The paperwork has been filed and it's time to look to the next step for organizers behind the House of Hope effort.
"This summer was all about getting our non-profit status together," Director and Founder Dianne Sherman said.
So far, the group, which works in the community spreading addiction awareness and is attempting to establish a group home for women recovering from addiction, has operated under the non-profit umbrella of Praise Worship Fellowship. As of Friday, Aug. 24, the group has filed the paperwork and expects to soon have its own non-profit status.
According to Kate Reed, chair of the group's building committee and co-chair of the fundraising committee, bylaws are written, articles of incorporation have been filed and a 92-page, 1023 non-profit application has been filed. Reed said she expects the application to be approved and to apply retroactively back to the group's 2011 founding. Only about two percent of non-profit filings are denied, she said.
"We're just trying to get all of our paperwork done correctly and filed," Reed said. "It was always our plan. It's just taken longer than we expected. It's one of the first things we talked about at our first meetings."
Sherman and Reed said the next steps involve acquiring a property for the group home.
"We're trying to pull all the pieces together," Sherman said. "The house committee has been meeting almost every week or so."
There are a lot of pieces to pull together. According to the two women, a housing policy and application process is being formulated, rules are being written for residents and treatment programs are being devised. The organization is looking into the details as well, according to Sherman, with everything from food to furniture and linens to laundry is being examined. A volunteer schedule is also being worked out, as the house will have two adults at the facility at all times.
When all is said and done, the group hopes to house six women with Sherman as house director.
They're also preparing to acquire the building itself.
"We're looking at several properties," Reed said. "We're looking into making an offer. At this point we're going to reach out to the community to help us furnish the house. We're about halfway with both the purchase of our house and in funding our yearly operating budget."
Reed said she has seen a lot of positive support from the community.
"Wherever we go to speak, afterwards, people come up and share their personal experiences with us," Reed said. "It really is a community-wide problem and it takes a community-wide effort and we're seeing that here. We have a very strong board in the community. We have a great volunteer community. We're lucky to be in the community we're in because the government isn't going to be able to do it (combat addiction). They don't have the funding. We have to take care of our own. Everyone in the community is effected by addiction, whether they know someone (who is addicted) or not."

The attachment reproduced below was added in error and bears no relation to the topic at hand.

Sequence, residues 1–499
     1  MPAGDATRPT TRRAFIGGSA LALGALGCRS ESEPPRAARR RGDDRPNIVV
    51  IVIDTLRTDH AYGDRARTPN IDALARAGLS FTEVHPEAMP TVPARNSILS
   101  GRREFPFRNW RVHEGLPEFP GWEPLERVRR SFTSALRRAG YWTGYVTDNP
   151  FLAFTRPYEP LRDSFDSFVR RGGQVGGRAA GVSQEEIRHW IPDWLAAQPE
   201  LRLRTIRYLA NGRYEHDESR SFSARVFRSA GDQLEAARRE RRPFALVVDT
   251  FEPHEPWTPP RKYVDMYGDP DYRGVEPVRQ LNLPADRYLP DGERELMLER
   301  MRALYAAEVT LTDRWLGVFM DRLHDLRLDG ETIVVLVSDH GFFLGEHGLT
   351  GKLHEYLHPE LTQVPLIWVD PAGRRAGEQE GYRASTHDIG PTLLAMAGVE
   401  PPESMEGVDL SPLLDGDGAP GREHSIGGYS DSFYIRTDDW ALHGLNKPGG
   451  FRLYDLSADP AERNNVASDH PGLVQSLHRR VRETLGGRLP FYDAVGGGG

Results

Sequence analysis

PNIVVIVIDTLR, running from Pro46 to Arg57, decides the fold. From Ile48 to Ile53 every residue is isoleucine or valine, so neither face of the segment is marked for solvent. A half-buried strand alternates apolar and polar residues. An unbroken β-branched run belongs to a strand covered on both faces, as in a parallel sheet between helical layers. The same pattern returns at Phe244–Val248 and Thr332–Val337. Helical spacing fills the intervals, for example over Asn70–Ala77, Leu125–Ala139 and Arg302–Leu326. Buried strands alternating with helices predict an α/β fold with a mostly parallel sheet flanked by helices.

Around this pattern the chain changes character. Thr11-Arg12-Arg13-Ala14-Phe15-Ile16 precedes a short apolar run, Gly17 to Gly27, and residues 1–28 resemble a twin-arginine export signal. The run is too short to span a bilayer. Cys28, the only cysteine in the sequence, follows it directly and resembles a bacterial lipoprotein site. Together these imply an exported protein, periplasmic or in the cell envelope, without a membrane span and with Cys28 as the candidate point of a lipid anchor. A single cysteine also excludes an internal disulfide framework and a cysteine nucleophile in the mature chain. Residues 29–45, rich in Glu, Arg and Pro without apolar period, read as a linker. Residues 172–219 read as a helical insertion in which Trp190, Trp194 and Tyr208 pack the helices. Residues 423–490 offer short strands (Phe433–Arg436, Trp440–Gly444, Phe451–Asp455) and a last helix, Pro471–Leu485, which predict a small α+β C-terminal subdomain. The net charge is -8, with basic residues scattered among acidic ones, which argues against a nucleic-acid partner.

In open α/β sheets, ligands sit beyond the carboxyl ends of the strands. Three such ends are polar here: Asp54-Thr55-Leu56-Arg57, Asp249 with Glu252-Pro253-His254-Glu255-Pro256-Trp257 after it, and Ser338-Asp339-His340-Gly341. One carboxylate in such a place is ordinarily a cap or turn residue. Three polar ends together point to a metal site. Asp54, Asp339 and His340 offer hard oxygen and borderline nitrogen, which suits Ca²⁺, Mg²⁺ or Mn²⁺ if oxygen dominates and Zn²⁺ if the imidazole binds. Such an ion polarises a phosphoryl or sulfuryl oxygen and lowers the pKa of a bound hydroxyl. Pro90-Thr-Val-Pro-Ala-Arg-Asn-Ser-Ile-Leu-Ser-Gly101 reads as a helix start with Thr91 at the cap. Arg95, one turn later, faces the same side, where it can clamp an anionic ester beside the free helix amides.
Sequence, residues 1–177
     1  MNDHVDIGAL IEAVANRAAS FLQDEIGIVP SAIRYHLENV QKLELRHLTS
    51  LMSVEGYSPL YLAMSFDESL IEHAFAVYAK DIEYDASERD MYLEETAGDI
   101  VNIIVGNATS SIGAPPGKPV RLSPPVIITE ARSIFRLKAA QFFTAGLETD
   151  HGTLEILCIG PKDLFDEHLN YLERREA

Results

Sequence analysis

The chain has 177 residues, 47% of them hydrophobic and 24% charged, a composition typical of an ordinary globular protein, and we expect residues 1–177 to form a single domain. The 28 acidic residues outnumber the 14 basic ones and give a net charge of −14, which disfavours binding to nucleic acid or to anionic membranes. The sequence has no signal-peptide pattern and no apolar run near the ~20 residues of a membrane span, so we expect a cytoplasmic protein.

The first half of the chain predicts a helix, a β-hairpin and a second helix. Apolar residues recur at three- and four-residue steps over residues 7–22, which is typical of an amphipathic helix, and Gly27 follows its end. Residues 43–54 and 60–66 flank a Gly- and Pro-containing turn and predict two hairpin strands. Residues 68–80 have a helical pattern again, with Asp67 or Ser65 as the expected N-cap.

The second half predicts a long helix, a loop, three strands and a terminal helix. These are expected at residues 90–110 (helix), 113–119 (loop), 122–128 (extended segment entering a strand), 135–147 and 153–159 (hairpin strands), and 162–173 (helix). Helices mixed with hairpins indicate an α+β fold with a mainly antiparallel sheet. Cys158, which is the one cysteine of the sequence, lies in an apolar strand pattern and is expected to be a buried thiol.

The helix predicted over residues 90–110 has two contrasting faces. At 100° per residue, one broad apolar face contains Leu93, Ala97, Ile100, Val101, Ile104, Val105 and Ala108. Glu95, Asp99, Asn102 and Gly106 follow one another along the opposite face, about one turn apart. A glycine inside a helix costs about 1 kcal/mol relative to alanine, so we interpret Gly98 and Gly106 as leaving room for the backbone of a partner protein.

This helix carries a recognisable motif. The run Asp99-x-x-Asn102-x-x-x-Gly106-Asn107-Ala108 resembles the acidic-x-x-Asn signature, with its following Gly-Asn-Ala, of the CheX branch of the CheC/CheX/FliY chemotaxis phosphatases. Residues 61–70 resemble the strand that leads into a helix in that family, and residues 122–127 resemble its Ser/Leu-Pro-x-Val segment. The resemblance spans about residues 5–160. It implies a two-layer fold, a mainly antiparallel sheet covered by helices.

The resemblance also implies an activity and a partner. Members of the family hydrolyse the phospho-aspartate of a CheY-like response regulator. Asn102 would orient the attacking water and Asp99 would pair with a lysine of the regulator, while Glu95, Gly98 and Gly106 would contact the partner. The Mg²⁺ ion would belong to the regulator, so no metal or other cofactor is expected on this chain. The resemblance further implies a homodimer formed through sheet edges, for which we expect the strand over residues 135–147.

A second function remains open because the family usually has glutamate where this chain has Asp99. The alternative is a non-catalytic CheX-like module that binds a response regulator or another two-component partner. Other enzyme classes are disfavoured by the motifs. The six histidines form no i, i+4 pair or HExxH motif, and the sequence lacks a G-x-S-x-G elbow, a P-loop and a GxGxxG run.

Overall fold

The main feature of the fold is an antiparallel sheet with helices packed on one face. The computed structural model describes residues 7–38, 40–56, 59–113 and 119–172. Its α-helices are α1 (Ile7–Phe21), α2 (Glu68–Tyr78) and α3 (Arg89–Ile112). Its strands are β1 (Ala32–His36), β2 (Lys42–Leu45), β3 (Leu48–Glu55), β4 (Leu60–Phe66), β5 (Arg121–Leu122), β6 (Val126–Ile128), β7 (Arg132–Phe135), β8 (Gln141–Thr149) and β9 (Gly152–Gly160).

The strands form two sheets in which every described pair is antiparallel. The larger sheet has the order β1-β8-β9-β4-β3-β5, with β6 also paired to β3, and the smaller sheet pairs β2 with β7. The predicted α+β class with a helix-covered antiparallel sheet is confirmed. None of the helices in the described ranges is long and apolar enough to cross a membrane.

Reed and Sherman said they have had support from churches and organizations throughout the county, but hope for more. They also said the Community Foundation and the DeFrees Foundation have offered ongoing support.
"Any of these different organizations that are donating to charity, this is a county-wide effort and we would love the help," Reed said.
The two also noted the organization welcomes speaking opportunities.
"The big effort that we're making is in speaking engagements," Reed said. "We really need to get into the schools with the kids in the younger grades. After we speak, or one of our girls speaks, we really need to have coffee or a meal or something, because the doors just open up and people need to talk."
"I hope one of the things we can do once we have the house open is set up support for family members," Sherman added. "We don't have enough of it in the area. Addiction is a disease. It actually effects the brain making it harder to quit."
Reed said the community has been mostly open to the organization's efforts.
"I've only had one person in all this time (since efforts to form a home started) that said, 'Not in my neighborhood.' I always say drugs and alcohol are already in your neighborhood and every neighborhood in Warren County. The difference is, these women will be working on their recovery. They have a house director monitoring them. You'll know who she is. You'll know her face. The people already in your neighborhood aren't working to recover. They're not being monitored.
"It's (the proposed house rules) above and beyond what probation and parole require. It's very structures. People aren't going to want to stay there, especially if they're not serious about it (recovery)."
More information on House of Hope can be found at www.herhouseofhope.com. More information about donating to House of Hope or about arranging speaking engagements is available by calling Reed at 723-4520 or Sherman at 688-7802.